This place looks cool. I like that they don't just have sushi like so many other places in town, they are going for something a little more unique.
I saw their video on youtube, food looks really good.
By Eric Schaefer
By New Times
By Rachel Miller
By Eric Schaefer
By Heather Hoch and Lauren Saria
By Robrt L. Pela
By Heather Hoch
By New Times
I'd certainly order sushi here again, but I wouldn't go out of my way for it like I would the robata items, which were nicely prepared. Classic yakitori skewers of chicken and leek were lightly charred and glazed with teriyaki sauce. Tender asparagus shoots got a similar treatment. Chunks of eggplant, cooked to an almost fluffy consistency, were doused in a fragrant blend of mirin, soy, and ginger. And saikyo yaki (yuzu and miso-marinated black cod) was savory and ultra buttery, wrapped in a big leaf propped open with a bright pink shoot of pickled ginger.
Those dishes were delicious, but a few more were downright dazzling. Juicy lamb cutlets seasoned with Korean spices came with a side of mystery dip that tasted like chile-miso paste. A single grilled wild Madagascar prawn took the prize for most dramatic, with its head perched on the plate along with a skewer of smoky-sweet body meat, which took on a spicy tanginess from dabs of yuzu kosho (a paste of yuzu, chile, and salt). And moist, honey-glazed duck breast was outstanding, paired with a bowl of ripe mango balls in a mildly spiced glaze.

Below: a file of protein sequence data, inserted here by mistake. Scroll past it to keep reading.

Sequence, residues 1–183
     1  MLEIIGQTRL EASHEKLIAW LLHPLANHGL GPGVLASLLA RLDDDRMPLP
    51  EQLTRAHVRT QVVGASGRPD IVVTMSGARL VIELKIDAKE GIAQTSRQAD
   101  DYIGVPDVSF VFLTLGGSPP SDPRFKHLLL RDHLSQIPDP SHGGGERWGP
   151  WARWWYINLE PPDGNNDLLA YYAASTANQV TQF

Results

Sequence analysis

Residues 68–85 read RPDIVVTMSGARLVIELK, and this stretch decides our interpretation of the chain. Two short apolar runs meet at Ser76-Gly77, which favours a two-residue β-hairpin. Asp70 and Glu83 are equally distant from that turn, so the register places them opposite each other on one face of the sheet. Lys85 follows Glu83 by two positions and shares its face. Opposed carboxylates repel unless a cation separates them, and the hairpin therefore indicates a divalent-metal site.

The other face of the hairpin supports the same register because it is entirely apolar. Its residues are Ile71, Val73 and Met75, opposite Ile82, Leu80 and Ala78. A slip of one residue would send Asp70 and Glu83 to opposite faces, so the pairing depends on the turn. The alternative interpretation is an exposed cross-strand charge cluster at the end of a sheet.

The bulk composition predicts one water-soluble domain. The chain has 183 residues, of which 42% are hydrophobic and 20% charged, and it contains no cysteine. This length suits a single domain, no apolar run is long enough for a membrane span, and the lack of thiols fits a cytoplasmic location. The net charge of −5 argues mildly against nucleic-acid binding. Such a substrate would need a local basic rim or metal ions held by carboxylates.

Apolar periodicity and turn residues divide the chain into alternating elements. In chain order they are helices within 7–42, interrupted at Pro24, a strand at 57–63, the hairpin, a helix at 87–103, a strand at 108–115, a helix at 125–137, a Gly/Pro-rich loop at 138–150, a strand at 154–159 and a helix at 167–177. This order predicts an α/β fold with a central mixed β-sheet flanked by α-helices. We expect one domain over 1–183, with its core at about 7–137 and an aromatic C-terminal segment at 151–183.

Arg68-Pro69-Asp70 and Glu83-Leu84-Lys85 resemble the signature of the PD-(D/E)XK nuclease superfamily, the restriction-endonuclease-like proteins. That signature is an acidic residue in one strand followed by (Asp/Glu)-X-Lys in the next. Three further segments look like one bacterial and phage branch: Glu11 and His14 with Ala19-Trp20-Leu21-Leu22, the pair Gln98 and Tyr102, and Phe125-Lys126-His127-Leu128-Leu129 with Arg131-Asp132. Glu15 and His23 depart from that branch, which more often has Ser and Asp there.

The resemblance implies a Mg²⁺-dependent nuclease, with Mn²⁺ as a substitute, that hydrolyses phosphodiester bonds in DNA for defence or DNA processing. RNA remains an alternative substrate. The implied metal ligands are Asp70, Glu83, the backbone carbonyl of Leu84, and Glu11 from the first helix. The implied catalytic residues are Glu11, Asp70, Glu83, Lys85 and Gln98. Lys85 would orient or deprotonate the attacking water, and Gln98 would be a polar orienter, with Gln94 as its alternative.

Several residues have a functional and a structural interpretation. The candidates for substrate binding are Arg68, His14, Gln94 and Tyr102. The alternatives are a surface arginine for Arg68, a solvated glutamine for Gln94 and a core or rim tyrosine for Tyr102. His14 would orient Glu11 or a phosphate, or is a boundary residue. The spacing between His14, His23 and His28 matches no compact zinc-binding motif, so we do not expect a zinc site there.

I also tried a couple things that were neither robatayaki nor sushi. Foie gras no umeshu fumi was an intriguing creation, with two tangy-sweet slices of chilled, seaweed-wrapped foie gras, a soft, fat plum, and a pile of lacy, black squid ink crackers. Meanwhile, kama meshi was a hot pot filled with three kinds of Japanese mushrooms, wild mountain vegetables, and creamy, risotto-like rice — a homey, comforting contrast to that esoteric foie dish.
7299 N. Scottsdale Road
Paradise Valley, AZ 85253
Region: Paradise Valley
A server explained that Roka's London headquarters hired a French pastry chef to create the desserts — that makes sense, considering how traditional Japanese sweets are made with beans and rice flour and things that might not appeal to Western palates. (I love them, though.)
So even though I hadn't expected dessert to blow me away, I was pretty psyched when the Roka Akor dessert platter showed up. What a decadent display — fresh strawberries, blackberries, lychees and mango; molten chocolate pudding cake with a gooey matcha middle; custard topped with diced fruit and chunks of honeycomb; and scoops of ice cream arranged on a block of ice. The "Raspberry and ivoire chocolate usugiri" turned out to be a confection of orange cake, raspberry ganache, fresh raspberries, lychees, and white chocolate curls, all arranged on a pool of vanilla-rose crème anglaise.
I'm so glad dessert wasn't an afterthought. Add that to Roka Akor's list of details done right.